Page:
The preconstructed deck accomplishes these goals quite well without any alteration. It's also well-constructed in general, with a reasonable mana curve, 3.83 average converted mana cost, ~11 or so ramp cards, and even more mana-fixing. There's some solid removal / utility spells to round things out. Good stuff!


Removing Discord

While Stalwart Unity is a solid deck, there is obviously lots of room for improvement. Some cards, like Collective Voyage, is in conflict with your many Propaganda cards. Giving all your opponents a crapton of mana means they can easily pay the mana tax to attack you. Other cards, like Ludevic, Necro-Alchemist, are simply subpar and can be replaced with something better. Finally, some good cards like Lurking Predators do not have the support in the deck to live up to their potential.

Here are the first cards I would suggest cutting to make room for harmonious upgrades:


Political Tokens

My personal preference upgrading Stalwart Unity is to maintain and build upon the Political theme while also adding a Tokens subtheme. Specifically, I'm interested in adding cards that give everyone an army, which my opponents will then be encouraged to use against each other. This is an approach I used to great success with my Budget Gahiji deck and decided to incorporate here as well. Here's how the merging of Politics + Tokens plays out:

The first step is to discourage anyone from messing with you. You accomplish this with pillow fort cards (Archangel of Tithes), "rattlesnake" cards that threaten immediate retribution against anyone messing with you (Aura of Silence), and offering free resources to people who work with you (Skullwinder).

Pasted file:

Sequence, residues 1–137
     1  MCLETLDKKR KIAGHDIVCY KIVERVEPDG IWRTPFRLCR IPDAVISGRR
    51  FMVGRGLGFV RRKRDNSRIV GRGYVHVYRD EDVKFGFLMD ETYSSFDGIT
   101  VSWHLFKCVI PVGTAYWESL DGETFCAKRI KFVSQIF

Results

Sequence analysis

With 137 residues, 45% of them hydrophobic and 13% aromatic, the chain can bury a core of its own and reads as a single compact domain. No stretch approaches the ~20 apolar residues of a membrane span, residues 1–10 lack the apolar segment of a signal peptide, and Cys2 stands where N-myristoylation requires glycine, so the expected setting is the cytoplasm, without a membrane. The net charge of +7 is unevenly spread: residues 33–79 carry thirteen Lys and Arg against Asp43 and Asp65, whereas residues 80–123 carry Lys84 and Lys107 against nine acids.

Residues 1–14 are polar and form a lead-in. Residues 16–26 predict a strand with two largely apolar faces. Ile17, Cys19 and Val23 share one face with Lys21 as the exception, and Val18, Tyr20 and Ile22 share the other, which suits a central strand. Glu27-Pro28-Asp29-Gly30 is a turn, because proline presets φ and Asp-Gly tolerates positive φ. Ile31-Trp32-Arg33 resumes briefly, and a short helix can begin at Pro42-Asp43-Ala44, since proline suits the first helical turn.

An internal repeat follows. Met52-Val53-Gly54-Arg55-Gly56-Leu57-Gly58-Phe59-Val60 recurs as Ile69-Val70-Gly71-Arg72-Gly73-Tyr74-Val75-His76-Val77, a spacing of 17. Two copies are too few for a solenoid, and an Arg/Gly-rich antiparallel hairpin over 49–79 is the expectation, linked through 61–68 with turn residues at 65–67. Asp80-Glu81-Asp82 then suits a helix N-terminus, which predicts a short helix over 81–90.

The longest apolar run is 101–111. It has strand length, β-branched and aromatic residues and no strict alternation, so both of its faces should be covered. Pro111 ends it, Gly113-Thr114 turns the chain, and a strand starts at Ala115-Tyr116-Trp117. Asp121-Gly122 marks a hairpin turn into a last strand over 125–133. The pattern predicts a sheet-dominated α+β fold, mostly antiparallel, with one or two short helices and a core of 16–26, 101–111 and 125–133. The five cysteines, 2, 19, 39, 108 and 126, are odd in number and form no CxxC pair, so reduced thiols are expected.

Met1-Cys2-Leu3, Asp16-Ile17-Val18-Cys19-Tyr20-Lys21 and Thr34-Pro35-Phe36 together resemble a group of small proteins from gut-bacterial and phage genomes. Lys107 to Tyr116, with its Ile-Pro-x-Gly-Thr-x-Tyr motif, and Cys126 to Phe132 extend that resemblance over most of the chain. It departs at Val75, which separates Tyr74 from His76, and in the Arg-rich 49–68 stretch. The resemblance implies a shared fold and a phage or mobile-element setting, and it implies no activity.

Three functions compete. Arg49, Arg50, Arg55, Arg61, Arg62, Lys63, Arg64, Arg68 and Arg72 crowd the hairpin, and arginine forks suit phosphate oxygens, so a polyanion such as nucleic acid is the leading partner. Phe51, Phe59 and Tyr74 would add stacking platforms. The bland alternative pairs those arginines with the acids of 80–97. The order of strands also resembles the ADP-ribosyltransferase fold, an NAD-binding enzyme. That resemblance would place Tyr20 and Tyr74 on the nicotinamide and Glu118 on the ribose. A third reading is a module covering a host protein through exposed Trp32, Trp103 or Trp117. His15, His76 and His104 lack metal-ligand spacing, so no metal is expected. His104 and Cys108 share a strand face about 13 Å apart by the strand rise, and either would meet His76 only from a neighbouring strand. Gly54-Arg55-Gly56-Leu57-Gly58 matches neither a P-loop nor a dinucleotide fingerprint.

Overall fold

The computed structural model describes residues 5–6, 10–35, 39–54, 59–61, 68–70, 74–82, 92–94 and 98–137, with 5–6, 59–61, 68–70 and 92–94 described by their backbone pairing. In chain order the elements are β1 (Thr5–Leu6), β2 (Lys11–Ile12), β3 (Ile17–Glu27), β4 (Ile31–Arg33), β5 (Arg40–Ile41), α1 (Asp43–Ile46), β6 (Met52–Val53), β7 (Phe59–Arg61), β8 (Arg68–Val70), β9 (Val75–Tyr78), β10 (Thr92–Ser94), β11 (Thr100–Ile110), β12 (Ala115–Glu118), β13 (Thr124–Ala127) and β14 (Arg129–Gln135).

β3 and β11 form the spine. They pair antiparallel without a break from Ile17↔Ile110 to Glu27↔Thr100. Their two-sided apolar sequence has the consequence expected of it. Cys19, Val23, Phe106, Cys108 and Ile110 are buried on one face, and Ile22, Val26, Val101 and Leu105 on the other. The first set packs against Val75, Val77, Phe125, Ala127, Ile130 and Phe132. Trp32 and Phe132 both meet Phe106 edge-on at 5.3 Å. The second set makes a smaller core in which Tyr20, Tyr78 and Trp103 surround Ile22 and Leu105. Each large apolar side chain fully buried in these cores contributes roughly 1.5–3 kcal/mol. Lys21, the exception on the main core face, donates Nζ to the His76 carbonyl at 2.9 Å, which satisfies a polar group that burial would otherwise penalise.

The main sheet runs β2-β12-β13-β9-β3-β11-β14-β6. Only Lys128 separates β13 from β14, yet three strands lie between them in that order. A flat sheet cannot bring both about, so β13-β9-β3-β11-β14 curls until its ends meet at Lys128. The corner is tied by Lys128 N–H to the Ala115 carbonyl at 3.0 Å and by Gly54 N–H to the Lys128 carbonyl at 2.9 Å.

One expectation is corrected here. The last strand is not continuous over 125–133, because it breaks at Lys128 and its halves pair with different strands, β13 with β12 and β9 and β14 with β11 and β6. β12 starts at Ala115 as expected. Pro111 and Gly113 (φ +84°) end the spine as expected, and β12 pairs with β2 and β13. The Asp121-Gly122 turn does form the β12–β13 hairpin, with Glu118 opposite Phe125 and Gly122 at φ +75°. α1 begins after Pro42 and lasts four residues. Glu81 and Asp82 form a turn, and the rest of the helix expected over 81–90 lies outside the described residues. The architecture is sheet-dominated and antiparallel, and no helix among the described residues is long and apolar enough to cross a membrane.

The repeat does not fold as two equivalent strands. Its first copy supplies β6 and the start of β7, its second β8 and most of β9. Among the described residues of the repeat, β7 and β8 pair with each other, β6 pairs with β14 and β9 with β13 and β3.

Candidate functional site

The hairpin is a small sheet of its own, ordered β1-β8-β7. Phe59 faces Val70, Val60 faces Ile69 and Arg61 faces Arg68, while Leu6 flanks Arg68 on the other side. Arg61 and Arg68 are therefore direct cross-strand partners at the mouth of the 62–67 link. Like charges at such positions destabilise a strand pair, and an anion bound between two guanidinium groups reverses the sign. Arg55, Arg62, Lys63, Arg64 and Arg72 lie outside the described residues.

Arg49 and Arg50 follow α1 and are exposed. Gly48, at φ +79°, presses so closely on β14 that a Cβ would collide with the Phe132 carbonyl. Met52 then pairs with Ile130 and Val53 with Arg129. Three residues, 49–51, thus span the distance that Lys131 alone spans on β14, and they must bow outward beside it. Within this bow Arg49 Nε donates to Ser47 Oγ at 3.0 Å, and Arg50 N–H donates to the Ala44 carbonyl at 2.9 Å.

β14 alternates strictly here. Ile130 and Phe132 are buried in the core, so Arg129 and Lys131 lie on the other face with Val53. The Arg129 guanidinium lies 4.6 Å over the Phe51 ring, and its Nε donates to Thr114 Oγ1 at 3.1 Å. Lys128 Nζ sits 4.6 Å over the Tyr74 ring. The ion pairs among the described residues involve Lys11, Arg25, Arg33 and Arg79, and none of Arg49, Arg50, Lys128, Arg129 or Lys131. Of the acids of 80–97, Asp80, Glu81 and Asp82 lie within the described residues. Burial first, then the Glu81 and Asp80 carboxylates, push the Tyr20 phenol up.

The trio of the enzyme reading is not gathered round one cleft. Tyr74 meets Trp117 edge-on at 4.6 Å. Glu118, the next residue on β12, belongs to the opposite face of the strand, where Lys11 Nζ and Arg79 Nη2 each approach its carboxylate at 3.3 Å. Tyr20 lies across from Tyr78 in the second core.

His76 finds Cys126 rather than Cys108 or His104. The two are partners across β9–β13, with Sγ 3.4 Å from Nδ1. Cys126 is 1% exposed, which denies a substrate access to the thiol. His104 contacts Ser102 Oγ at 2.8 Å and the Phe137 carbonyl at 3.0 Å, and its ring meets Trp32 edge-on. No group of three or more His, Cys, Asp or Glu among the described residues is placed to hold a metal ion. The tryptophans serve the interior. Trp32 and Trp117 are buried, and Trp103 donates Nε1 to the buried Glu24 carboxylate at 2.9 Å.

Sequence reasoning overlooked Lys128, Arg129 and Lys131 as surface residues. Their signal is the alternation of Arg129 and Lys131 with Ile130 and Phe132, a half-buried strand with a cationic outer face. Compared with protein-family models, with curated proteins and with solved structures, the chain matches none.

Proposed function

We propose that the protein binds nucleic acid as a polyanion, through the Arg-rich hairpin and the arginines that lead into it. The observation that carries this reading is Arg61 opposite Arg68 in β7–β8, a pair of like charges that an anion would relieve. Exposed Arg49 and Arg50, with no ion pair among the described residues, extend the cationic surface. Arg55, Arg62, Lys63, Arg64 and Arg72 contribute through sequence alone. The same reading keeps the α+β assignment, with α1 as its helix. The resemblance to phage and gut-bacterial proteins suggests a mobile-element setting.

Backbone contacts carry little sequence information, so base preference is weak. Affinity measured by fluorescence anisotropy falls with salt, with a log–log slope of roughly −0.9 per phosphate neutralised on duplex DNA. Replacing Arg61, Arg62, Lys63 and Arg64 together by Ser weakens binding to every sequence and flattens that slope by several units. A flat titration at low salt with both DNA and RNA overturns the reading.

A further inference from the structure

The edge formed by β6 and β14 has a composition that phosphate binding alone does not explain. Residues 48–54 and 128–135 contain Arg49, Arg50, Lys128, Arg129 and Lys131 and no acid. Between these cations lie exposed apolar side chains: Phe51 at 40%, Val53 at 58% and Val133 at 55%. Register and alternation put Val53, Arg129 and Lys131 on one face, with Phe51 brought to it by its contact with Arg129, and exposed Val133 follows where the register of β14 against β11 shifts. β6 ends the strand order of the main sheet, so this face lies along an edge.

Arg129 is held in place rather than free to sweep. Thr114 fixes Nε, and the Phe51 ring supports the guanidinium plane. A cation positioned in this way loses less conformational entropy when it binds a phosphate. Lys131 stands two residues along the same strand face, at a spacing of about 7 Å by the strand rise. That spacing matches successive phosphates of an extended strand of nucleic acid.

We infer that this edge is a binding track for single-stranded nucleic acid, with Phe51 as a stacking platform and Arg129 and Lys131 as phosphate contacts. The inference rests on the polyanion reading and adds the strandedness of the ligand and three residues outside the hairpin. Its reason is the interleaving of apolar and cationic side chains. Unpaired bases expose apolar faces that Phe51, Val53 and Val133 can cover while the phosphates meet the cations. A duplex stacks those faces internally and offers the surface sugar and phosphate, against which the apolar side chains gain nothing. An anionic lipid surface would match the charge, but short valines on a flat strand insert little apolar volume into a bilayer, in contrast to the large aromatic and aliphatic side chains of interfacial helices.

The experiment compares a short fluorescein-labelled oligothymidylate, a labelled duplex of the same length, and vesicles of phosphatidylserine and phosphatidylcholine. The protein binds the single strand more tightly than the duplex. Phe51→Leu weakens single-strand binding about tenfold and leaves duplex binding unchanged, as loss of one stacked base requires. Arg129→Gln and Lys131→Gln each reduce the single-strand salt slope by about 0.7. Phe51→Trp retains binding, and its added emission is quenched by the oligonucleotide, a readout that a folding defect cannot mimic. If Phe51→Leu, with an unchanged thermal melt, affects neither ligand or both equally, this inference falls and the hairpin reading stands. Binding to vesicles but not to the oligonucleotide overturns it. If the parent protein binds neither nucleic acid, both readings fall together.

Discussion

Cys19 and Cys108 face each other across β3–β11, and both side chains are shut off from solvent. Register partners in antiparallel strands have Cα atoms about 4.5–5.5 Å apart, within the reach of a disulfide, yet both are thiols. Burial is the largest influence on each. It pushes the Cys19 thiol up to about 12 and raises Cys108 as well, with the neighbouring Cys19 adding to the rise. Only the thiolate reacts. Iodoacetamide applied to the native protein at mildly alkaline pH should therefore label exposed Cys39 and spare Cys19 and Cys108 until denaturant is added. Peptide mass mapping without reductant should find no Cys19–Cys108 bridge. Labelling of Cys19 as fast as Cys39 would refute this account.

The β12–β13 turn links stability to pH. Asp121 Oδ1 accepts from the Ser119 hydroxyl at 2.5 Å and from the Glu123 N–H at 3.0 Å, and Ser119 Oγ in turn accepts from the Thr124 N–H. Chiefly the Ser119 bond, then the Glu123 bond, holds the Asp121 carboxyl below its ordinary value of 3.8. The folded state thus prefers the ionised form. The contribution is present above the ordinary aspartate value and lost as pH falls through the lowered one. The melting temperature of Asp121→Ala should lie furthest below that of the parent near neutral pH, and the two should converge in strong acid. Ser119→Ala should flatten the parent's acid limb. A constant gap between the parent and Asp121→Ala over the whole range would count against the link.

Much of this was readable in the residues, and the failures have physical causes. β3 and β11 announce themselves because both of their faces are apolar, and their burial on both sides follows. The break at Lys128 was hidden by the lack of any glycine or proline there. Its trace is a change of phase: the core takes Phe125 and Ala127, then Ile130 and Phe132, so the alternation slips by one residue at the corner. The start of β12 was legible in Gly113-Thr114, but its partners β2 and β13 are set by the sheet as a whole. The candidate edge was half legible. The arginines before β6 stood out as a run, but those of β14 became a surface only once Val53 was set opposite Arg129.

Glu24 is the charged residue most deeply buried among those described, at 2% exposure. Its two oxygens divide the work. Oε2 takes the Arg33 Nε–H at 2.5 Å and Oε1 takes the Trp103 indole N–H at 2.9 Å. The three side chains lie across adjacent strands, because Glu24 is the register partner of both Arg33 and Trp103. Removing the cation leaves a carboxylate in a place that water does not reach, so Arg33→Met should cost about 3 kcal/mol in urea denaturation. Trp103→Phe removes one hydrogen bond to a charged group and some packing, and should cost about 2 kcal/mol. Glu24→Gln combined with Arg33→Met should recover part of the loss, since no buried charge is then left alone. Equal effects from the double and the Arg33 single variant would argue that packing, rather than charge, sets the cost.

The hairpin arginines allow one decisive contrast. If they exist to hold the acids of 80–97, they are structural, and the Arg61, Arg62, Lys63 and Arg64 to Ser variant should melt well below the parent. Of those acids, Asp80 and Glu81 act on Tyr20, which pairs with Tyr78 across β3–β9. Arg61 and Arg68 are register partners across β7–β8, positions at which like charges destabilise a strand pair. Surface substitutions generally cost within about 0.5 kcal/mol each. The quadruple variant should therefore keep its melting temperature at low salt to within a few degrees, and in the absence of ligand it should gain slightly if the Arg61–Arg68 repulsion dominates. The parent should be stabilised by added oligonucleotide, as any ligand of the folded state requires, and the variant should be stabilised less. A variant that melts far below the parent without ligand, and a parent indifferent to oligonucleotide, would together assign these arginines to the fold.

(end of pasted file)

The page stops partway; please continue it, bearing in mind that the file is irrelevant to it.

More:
The second step is to encourage your opponents to kill each other. You give everyone armies (Alliance of Arms) and give them incentive to attack your opponents (Edric, Spymaster of Trest). They will start spending their resources on each other instead of on you. Woe to anyone who dares attack you, because as you giveth, you can also taketh away (Reins of Power).

The final step is winning. You've got a lot of options here: you can use the armies you gave everyone against them (Insurrection), or pump up your army into giants (Beastmaster Ascension), or something else entirely (Synthetic Destiny).

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Here's a list of easy upgrades with a clear Tokens subtheme going on. All the cards listed are under $3:

Picking some of the suggested cards, here's what you can add for $20:


Here is the Stalwart Unity deck with the sample swaps:


Budget-less Upgrades

Here's a bunch of cards over $3 that you might consider adding to the deck. My suggestions continue to focus on Politics with a Tokens subtheme, but there are also plenty of generic "goodstuff" cards that you should consider as well.

And finally, here's a sample budget-less version of the deck. As usual, the expensive lands take up the bulk of the price tag.

While this deck isn't tested and fine-tuned yet, I'm excited to start playing around with it in the near future and I hope you like it too!


Next Up: Breed Lethality!

I've done a preview of the Commander 2016 preconstructed deck Breed Lethality's main commander, Atraxa, Praetors' Voice, over here. I showed you my spin on how to build her as the head of a Superfriends deck. Next time I'll be showing how to upgrade Breed Lethality into a +1/+1 counter deck! As always, your feedback is always appreciated. Let me know which preconstructed deck you want to see next and what archetypes you want to see built off them. 

You can reach me in the comments section below or tweet me @BudgetCommander. Thanks for reading!